I’m not saying everyone should learn the web framework of the month, or that everyone should be able to recite QuickSort before being allowed to touch a keyboard, but in effect we’re dragging people around art galleries, and chastising them for picking up crayons: If you want art! Hire an artist!
It’s ok that everyone isn’t a poet, or a lawyer, or a journalist, but it’s a good thing that many are literate. It’s also ok that not everyone is an embedded engineer, a web developer, or a data analyst, but it is a good thing for more to be able to express their ideas on a computer.
Code is about communication, expression, and play—not just apps.
“I came to realize that professional baseball players are masochists: hitters stand sixty feet and six inches from the mound, waiting to get hit by a pitcher’s bullets; fielders get sucker punched in the face by bad hops, and then ask for a hundred more. We all fail far more than we succeed, humiliating ourselves in front of tens of thousands of fans, trying to attain the unattainable: batting a thousand, pitching without ever losing, secretly seeking the immortality of the record books.”—Adrian Cárdenas reflects on why he quit Major League Baseball to study creative writing: http://nyr.kr/17XTQSo (via newyorker)
Great, wide-ranging piece by Frank Chimero. If I had to pick just one excerpt to circle and annotate YES, it’d be:
Sometimes the mythology/values of the internet feel willfully contrarian, and the ones who offer it are safe in ivory towers from the effect of that bad advice. The rest of us get messed up for believing it, thinking it will some how lead to ivory towers of our own.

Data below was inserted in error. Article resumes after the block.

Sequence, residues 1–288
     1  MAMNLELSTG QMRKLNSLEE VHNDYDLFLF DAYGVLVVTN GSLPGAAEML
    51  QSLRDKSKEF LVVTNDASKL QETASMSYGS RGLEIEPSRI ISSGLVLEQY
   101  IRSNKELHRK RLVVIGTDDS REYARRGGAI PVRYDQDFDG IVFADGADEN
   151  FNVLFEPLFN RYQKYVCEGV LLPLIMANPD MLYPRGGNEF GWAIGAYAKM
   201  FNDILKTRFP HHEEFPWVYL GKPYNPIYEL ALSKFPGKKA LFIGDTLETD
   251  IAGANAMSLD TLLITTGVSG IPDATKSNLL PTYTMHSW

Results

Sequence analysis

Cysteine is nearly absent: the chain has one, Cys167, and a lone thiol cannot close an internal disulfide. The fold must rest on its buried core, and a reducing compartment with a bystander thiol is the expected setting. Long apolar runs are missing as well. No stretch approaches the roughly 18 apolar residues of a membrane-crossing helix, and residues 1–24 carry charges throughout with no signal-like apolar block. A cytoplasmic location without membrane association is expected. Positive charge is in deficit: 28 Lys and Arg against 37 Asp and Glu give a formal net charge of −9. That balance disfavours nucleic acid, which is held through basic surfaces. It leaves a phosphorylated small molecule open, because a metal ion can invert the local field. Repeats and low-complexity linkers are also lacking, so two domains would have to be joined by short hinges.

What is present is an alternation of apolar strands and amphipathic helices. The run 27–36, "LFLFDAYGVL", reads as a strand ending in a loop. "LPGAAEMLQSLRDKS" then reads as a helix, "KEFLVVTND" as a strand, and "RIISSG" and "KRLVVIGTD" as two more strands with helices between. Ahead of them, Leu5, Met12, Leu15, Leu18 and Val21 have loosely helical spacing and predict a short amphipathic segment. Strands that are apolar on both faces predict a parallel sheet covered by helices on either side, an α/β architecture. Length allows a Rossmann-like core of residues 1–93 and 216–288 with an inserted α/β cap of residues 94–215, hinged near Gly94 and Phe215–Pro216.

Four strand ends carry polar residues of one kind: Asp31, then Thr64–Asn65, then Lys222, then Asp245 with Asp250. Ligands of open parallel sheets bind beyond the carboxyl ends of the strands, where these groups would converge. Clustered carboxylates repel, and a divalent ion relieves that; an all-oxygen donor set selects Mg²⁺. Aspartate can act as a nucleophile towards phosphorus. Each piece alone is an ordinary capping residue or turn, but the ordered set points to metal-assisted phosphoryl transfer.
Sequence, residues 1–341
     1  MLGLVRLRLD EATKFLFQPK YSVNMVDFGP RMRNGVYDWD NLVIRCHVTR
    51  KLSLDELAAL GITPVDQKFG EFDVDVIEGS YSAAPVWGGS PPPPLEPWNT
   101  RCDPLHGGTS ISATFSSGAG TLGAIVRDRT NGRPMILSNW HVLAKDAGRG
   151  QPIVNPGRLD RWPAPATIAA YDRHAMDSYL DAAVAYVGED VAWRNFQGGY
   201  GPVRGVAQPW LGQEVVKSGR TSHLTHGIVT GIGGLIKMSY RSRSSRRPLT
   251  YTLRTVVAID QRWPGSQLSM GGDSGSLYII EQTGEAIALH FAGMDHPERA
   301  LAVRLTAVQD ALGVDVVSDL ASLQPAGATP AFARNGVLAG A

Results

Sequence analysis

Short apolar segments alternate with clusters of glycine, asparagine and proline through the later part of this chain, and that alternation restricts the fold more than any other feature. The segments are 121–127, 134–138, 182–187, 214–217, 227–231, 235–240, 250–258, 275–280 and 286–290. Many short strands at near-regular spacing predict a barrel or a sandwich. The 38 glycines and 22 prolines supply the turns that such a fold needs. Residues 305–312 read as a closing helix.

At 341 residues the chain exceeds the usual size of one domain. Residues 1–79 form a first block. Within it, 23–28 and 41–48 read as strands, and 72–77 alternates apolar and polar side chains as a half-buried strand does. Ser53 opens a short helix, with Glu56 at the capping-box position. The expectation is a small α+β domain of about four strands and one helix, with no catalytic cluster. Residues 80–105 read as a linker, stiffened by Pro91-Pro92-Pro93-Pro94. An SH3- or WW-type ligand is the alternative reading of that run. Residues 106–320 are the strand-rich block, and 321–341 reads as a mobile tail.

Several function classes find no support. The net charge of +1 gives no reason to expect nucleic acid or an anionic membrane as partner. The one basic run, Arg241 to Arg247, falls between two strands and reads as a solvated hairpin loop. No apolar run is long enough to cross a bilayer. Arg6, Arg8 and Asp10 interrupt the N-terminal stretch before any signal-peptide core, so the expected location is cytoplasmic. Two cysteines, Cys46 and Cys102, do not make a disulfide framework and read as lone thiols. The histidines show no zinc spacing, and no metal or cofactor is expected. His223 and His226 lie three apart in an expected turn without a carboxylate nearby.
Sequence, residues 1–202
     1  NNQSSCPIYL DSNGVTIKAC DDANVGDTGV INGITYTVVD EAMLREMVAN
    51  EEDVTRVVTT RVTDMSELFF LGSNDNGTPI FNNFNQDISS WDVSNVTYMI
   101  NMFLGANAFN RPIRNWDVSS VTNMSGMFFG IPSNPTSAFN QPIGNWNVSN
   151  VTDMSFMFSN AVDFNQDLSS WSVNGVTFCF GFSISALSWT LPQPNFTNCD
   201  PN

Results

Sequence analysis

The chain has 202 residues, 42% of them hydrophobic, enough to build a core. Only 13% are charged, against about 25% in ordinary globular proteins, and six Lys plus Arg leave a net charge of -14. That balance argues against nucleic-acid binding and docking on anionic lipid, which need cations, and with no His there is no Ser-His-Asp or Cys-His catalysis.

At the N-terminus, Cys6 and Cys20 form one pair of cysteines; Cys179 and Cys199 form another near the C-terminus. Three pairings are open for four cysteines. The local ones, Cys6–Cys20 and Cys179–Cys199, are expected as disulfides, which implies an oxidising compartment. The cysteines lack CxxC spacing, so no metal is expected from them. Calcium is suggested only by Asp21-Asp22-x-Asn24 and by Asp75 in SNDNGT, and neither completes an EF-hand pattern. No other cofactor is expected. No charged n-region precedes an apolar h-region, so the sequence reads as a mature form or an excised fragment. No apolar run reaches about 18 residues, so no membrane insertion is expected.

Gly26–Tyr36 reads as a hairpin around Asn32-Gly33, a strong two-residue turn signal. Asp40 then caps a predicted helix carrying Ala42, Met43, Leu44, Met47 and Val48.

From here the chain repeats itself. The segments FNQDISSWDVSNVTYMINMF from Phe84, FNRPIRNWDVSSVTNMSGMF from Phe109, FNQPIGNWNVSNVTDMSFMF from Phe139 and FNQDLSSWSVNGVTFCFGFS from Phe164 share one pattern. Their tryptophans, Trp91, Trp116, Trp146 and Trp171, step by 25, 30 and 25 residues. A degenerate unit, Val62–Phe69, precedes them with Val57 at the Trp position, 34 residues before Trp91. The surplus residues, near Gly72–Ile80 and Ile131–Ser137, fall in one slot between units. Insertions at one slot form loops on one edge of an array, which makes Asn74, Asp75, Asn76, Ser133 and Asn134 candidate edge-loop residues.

This is what Anders remembered. Heat. A baseball field. Yellow grass, the whirr of insects, himself leaning against a tree as the boys of the neighborhood gather for a pickup game. He looks on as the others argue the relative genius of Mantle and Mays. They have been worrying this subject all summer, and it has become tedious to Anders; an oppression, like the heat.
Then the last two boys arrive, Coyle and a cousin of his from Mississippi. Anders has never met Coyle’s cousin before and will never see him again. He says hi with the rest but takes no further notice of him until they’ve chosen sides and someone asks the cousin what position he wants to play. “Shortstop,” the boy says. ‘Short’s the best position they is.’ Anders turns and looks at him. He wants to hear Coyle’s cousin repeat what he’s just said, but he knows better than to ask. The others will think he’s being a jerk, ragging the kid for his grammar. But that isn’t it, not at all–it’s that Anders is strangely roused, elated, by those final two words, their pure unexpectedness and their music. He takes the field in a trance, repeating them to himself.
[Courage] is an awful word…I hear like a choir of angels whenever you say that word like it’s some fancy thing. But, like, courage is this thing that you dig out of a pit of shame, most of the time, I think. I think courage is not this thing where you walk around—I mean, that’s the people who’re full of crap, the people who’re walking around, acting all courageous and saying the right thing. I think the real courage is to be somebody incredibly broken who occasionally pulls it out. Like, that’s courage.
Courage to me is almost like some kind of little seedling that comes out of this dirt of embarrassment.
“Each breakthrough in hardware technology leads to more massive programming enterprises, new organizational principles, and an enrichment of abstract models. Every reader should ask himself periodically “Toward what end, toward what end?” — but do not ask it too often lest you pass up the fun of programming for the constipation of bittersweet philosophy.”—Foreword, SICP.
I spent a couple of days in december visiting my Dad. It was quiet and peaceful, just Dad, Myself, and his cats. We spent the evenings sharing the things we had in common—listening to Dad’s obscure music and complaining about our careers.
He talked about ship-building, I talked about building software—The jargon was different, but the people were exactly the same.
Same denial of risks, same castigation of whistleblowers, and the same putting everything off until it explodes. Schedules that reflect the dreams and ambitions of the company, rather than the treachery of a complex system. With no room for failure, each and every fuck up compounds, as the company moves from one artificial crisis to another.